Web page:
(CNN) -- For the third week in a row, Mitt Romney's up with a new television commercial that claims President Barack Obama is altering the federal welfare-to-work program by dropping work requirements in the law.
"Since 1996 welfare recipients were required to work. This bipartisan reform successfully reduced welfare rolls. On July 12th, President Obama quietly ended the work requirement, gutting welfare reform," says the narrator in the ad, which was announced Monday morning.
"One of the most respected newspapers in America called it 'nuts,' saying 'If you want to get more people to work, you don't loosen the requirements - you tighten them. Mitt Romney's plan for a stronger middle class will put work back in welfare," adds the narrator.
The newspaper touted in the spot is the Richmond Times-Dispatch, the primary daily newspaper for Virginia's capital city. Richmond is a major media market in the crucial battleground state.
An independent and non-partisan fact-checking organization, PolitiFact, rated one of the Romney campaign's earlier ad's claim on welfare as "Pants on Fire." And the Obama campaign, the White House and former President Bill Clinton, who signed the original legislation into law, all attacked the earlier spots, saying the claims were false and misleading.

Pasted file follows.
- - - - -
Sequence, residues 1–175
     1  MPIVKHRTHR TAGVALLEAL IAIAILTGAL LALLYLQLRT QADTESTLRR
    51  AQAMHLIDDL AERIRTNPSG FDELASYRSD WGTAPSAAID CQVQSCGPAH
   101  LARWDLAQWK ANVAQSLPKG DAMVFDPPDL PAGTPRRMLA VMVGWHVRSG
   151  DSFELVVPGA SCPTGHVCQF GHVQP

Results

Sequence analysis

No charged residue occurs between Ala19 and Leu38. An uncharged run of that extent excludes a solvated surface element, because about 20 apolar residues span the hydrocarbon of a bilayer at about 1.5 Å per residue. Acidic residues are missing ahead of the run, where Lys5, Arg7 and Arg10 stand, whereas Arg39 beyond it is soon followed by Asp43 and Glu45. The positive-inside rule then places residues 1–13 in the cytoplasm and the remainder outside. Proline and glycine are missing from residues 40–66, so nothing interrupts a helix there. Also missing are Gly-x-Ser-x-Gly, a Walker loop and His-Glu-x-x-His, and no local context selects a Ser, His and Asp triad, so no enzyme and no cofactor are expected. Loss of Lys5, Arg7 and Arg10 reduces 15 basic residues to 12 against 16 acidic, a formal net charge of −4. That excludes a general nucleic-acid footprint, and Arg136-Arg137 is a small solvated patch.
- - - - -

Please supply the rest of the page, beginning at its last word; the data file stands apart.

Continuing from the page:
The Obama campaign responded Monday to the new commercial.
"Mitt Romney continues to run ads that independent news organizations, former President Clinton, and the Republican co-author of welfare reform have said are not true. The Obama administration has strengthened the welfare to work requirement, not weakened it. Just one week after pledging to run a substantive campaign, and whining about the negativity in this race, it's clear Mitt Romney has absolutely no intention of living up to that pledge," said Obama campaign spokeswoman Lis Smith.
Friday the Obama campaign countered the Romney campaign commercial with a spot of their own, with the narrator in the ad saying "See this? Mitt Romney claiming the president would end welfare's work requirements? The New York Times calls it 'blatantly false'. The Washington Post says: 'the Obama administration is not removing the bill's work requirements at all.'"
Regardless of the pushback, it's apparent that the Romney campaign is continuing to attack the president over welfare, with both Romney and House Budget Chairman Paul Ryan of Wisconsin, his running mate, highlighting the welfare claims in their campaign speeches last week.
As is their practice, the Romney campaign would not reveal any details on where the new commercial will run or on the ad buy.